Need Acceleration? Hit the Gas, Aussie Style

For the past 30+ years, it has been a pleasure to contribute to the wireless ecosystem through the ongoing evolution in this space. From AMPs, to CDMA, to GSM, to 3G/4G and now 5G it has been a period of exponential change, though none of it included discussions about security.  You would have thought that I had seen it all…until now. Recently I had the privilege to be a part of the Australian Trade Mission’s Landing Pad program in San Francisco. I can honestly say that I, my company, and my world view have been positively transformed as a result of the 90-day residency.

The transformation began when AustCyber suggested we apply for the San Francisco Landing Pad project through Austrade. We were one of five Australian cybersecurity companies that were selected to participate. These five companies now became, affectionately known as the AustCyber Cohort.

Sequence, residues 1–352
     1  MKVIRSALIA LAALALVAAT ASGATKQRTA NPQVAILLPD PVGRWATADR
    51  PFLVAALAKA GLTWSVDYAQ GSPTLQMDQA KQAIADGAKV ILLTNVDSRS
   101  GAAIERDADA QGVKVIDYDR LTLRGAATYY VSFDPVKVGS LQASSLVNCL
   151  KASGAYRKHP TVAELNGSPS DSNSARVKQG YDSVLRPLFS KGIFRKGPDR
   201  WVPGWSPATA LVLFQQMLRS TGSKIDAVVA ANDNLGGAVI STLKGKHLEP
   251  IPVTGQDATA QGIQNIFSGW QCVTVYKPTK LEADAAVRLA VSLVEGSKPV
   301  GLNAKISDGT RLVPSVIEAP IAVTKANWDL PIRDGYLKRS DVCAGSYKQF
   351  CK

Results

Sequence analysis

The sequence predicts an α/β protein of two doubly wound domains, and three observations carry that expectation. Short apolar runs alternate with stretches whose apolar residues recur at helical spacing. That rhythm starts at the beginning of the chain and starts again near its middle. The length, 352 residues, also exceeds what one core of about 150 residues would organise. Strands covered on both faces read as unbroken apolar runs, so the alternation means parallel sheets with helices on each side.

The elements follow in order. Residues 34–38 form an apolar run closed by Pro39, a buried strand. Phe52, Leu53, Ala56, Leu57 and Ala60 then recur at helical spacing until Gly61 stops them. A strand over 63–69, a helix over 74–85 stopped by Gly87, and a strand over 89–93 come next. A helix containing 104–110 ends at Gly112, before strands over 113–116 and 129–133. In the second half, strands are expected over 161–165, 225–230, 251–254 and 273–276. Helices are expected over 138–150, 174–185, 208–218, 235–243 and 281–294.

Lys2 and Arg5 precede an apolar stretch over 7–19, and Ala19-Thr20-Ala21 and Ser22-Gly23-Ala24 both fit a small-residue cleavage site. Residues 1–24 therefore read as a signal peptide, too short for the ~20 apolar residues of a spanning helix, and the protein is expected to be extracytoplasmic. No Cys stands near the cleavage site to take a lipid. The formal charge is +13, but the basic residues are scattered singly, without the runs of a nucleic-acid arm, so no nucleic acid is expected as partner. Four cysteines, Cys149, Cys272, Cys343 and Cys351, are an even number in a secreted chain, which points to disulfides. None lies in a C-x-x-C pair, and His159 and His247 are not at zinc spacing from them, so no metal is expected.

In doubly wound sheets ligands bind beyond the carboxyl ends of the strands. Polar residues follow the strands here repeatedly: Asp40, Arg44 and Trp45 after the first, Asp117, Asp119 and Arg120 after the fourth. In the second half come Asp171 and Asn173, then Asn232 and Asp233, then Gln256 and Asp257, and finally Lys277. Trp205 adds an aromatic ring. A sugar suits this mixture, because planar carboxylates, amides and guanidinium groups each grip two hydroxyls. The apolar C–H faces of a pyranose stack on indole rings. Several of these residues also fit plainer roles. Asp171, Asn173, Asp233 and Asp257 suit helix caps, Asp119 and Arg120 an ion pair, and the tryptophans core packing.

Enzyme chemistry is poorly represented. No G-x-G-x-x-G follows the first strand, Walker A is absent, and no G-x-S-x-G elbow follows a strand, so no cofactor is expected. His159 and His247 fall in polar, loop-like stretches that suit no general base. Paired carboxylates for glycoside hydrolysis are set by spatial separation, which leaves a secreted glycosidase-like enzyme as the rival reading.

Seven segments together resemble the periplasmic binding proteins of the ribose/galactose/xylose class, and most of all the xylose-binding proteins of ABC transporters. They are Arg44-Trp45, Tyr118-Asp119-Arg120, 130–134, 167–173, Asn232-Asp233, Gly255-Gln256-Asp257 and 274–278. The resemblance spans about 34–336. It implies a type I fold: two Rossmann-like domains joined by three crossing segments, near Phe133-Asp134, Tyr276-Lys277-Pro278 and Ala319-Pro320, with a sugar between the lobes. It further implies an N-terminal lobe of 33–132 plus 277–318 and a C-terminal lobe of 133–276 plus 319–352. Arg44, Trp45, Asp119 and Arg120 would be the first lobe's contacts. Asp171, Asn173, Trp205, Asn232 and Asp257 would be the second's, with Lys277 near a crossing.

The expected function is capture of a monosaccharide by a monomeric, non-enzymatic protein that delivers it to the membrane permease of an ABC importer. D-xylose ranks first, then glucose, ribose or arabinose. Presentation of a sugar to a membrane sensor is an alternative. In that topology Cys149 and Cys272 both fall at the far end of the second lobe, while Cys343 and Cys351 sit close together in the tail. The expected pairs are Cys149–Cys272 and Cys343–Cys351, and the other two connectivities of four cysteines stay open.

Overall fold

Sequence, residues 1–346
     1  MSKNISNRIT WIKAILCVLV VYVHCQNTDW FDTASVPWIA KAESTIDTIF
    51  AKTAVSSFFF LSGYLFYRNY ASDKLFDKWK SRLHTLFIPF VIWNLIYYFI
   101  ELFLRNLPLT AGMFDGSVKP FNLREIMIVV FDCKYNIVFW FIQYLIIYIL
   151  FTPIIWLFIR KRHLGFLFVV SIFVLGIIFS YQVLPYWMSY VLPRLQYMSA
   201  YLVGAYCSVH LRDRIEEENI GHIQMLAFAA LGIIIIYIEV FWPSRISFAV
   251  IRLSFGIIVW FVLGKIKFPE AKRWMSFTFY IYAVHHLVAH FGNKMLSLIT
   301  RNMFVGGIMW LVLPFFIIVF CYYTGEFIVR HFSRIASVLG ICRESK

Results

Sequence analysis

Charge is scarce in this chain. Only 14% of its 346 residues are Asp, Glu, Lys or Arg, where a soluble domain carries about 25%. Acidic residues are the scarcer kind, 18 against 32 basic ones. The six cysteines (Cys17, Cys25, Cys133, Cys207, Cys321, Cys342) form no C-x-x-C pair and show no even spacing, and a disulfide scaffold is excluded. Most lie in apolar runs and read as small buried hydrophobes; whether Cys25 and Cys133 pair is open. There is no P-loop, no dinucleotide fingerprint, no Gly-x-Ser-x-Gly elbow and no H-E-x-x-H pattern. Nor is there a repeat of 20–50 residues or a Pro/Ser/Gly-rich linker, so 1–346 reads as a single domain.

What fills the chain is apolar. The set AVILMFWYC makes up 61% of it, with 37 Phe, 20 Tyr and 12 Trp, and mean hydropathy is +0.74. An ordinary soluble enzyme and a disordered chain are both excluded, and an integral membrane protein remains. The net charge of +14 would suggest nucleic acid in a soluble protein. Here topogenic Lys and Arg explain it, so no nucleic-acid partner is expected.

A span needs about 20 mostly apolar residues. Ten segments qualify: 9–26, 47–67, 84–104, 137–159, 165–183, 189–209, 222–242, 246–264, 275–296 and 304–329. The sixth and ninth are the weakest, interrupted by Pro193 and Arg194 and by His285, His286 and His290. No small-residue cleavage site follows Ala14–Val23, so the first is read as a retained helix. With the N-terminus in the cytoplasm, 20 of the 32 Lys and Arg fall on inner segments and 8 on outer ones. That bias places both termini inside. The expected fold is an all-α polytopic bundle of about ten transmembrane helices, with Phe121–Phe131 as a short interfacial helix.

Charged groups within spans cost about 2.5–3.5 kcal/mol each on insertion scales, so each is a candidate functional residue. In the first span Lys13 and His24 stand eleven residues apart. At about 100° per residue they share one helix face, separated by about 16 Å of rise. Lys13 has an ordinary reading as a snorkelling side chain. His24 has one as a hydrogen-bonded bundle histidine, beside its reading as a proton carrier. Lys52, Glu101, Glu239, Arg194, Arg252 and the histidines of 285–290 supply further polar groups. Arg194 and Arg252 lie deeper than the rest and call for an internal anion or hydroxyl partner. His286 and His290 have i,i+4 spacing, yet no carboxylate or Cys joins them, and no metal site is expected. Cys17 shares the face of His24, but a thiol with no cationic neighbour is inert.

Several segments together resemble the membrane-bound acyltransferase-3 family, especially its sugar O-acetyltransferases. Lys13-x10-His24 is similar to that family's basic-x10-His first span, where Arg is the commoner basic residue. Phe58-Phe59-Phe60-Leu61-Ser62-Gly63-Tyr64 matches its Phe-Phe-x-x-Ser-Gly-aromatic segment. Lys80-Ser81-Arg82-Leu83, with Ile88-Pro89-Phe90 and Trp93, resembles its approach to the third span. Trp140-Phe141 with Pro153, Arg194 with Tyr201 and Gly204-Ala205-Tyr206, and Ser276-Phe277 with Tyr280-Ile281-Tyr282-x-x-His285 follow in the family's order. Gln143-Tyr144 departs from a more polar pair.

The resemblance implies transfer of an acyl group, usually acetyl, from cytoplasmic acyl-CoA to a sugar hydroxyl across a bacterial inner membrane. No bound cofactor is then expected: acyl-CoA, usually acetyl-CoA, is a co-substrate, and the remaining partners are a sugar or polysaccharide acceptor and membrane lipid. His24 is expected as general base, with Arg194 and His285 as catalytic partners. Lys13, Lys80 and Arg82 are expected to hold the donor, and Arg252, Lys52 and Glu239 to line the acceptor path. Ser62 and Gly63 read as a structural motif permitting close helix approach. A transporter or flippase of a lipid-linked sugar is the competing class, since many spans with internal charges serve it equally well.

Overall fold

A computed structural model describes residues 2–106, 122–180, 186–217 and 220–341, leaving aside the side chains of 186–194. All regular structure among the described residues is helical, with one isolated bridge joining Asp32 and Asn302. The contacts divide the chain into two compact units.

What is it like to participate in one of Australia’s Landing Pads? The best way to describe it is intense, demanding and surprisingly collaborative. I was locked in a room everyday with other Australians whose sole focus aligned with that of our company, Cog. With feet on the street in Silicon Valley (the global hub of innovation), we got down to business (and a bit of fun, as well). Yes, it was difficult at times, but the work environment led to less day-to-day distractions, kept me highly focused and ultimately led to significant results for Cog.

Our company went into the Landing Pad project with three goals:

  • Raise the company profile among influencers and decision makers in Silicon Valley
  • Obtain new customers
  • Expand relationships in the VC community